Well, yesterday this photographer that I follow photographed a bird (a bilateral gynandromorph northern cardinal, to be exact) that is half male and half female—split directly down the middle. The red half is male, the white half is female. In most bird species, it’s actually the males that are the colorful ones (hence, drag queens). I thought it was quite incredible, so I thought to myself, Why not make a look out of it today?
Oh, Patricia Gonia! Well, the lesser-known story is that Ginger Snap was my first drag persona. I was going to a photography conference, where I would teach and speak, and it was the first truly safe, inclusive space that I was a part of. They always had this dance party on the final night of the conference. The invitation was just to come as whatever you want to be. And so, I went as Ginger Snap because of my red hair and at the time I was a full-time photographer. It was the first time that this queer kid from the Midwest ever did a thing that I was told my whole entire life not to do. You know, when I came out of the closet, I felt like I almost went further back into the closet because I really started living by what everyone else told me I had to do in order to be a good gay, rather than having the permission to truly be and evolve into every version of myself.
I often ask myself who I would actually be if I was born now. I think I would truly feel more nonbinary. Since birth, I was served a binary of: You’re either gay or straight, you’re either male or female. And I think a lot of that was just inaccessibility. I think that my parents were trying to love me the best their language would allow. But I think there was some internal homophobia that was built inside myself, too. So, all of that was kind of let loose when Ginger Snap happened. I thought to myself, What is this world like? Oh my gosh, this is such a world that I never let myself live. But because it was a photography conference, people took photos, and they leaked back to Nebraska without my consent. I came home to my house being egged, came home to a lot of people who I thought were friends being completely silent and even lost some clients in the process. For the first time in my life, I was seeing conditional love. I think it’s kind of the secret of the coming out process that it’s also painful and weird because you’re like, Who can I trust?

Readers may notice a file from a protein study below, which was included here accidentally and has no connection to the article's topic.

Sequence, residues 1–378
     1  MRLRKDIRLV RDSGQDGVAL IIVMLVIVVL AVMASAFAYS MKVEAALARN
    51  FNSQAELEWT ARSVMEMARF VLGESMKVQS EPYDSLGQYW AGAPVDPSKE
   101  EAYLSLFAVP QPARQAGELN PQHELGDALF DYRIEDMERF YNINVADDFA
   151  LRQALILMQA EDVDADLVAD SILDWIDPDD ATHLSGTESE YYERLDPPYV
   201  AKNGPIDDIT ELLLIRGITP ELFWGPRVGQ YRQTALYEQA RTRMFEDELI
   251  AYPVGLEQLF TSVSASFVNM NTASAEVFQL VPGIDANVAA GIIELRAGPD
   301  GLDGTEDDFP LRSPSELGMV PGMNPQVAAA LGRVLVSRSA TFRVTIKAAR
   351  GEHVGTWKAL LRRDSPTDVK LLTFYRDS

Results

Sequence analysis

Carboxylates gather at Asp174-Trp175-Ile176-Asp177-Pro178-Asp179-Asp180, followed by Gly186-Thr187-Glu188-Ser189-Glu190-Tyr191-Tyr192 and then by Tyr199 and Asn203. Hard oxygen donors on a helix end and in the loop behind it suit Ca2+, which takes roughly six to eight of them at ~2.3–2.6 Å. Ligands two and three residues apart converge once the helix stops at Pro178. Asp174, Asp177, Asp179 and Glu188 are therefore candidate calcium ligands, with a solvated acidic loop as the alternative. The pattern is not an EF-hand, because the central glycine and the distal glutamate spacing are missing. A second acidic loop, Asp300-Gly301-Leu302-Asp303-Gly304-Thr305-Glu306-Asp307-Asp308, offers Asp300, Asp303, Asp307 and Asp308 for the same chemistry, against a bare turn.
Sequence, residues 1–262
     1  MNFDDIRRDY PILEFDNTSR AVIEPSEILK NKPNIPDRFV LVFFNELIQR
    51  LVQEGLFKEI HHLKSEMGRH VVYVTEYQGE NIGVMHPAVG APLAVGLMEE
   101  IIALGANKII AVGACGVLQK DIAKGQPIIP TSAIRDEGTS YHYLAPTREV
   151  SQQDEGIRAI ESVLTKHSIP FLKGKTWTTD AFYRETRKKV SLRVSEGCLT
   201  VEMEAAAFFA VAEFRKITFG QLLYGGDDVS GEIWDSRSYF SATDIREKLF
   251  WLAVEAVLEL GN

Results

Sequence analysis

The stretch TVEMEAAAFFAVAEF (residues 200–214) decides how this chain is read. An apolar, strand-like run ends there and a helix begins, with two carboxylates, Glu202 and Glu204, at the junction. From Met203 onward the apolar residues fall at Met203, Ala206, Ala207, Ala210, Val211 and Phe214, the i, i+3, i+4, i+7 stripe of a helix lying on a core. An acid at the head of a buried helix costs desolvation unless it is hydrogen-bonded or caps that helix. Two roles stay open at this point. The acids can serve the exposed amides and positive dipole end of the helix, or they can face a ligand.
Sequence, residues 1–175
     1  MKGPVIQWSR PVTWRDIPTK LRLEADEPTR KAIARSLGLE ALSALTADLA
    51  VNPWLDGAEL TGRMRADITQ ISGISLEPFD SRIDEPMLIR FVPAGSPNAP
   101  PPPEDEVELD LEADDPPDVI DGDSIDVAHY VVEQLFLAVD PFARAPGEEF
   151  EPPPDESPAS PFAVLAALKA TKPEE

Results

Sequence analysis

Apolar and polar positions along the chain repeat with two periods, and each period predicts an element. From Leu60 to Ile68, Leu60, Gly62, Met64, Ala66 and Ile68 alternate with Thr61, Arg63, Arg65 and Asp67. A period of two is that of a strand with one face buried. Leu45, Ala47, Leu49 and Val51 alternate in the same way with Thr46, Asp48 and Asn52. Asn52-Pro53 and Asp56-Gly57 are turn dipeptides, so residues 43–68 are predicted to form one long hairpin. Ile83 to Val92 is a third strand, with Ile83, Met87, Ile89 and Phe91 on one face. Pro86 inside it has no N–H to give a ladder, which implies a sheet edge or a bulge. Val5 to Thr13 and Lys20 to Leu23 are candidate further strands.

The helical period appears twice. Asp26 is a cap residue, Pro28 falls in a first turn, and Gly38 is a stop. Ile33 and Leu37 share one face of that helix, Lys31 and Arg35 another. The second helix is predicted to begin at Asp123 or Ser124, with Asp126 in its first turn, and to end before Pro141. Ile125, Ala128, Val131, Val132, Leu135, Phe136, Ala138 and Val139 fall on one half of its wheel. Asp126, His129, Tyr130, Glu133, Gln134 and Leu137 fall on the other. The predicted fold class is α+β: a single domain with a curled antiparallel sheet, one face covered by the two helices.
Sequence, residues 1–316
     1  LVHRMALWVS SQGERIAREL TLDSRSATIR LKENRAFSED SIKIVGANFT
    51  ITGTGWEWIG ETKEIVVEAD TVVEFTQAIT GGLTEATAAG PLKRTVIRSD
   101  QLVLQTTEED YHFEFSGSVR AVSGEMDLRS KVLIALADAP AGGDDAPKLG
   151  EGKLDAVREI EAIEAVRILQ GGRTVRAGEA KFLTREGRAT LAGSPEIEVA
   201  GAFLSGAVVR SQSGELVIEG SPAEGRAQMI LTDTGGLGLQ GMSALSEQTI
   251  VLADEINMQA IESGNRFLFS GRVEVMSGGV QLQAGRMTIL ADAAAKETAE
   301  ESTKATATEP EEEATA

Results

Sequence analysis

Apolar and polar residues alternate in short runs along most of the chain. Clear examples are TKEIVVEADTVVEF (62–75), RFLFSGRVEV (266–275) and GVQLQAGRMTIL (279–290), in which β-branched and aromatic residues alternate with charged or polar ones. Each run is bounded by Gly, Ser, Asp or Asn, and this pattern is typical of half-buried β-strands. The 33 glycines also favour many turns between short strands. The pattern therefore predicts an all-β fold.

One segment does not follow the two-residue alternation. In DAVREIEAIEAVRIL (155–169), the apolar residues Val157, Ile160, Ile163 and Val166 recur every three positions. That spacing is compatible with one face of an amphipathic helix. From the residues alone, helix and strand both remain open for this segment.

When I was Ginger Snap, I wore these black high heel boots, and when I came home, I put those boots physically into my closet, and I said to myself, Fuck this, it is too painful. It is too much. I will just go back to my straight-passing gay life. I will play by the rules again. I will just do whatever because I don’t want to lose people in my life. And it wasn’t until six months later, when I was packing to go on a backpacking trip with a few of my good friends, that I was looking in my closet and I saw my high heel boots. And I thought, I’m just going to pack them in my bag. I’ll just get them out on the summit. And I remember on this trip feeling like, Oh my gosh, while I’m out here in nature, no one is judging me. This is a completely safe space. And I’ve always felt myself able to be more feminine when I’m outdoors. Even though it wasn’t really the birth of Pattie on that backpacking trip, that was the first time that I wore those boots in the outdoors. And I will never forget that experience.
So then, I posted this video online, it went viral…but I remember sitting there and being like, This is an opportunity to start living unapologetically and to truly put to death a past me that gave up so much of myself for other people’s safety. And yeah, it was painful. Even more people that I thought were in my corner left my life, but this new, beautiful outdoor queer community was forming. And I’m sitting here now just realizing how important it was for me to choose to live unapologetically, because I think I could have just so easily put my boots back into the closet. But a closet is nowhere to be. And I think a lot of us live a lie to ourselves that we are out of the closet when really we’re still not letting ourselves be unapologetically who we are.